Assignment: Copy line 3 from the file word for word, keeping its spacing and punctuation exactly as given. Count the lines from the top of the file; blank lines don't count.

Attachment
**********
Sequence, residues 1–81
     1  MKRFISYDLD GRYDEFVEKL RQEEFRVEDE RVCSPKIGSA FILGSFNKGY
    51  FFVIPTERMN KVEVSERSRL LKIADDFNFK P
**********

    51  FFVIPTERMN KVEVSERSRL LKIADDFNFK P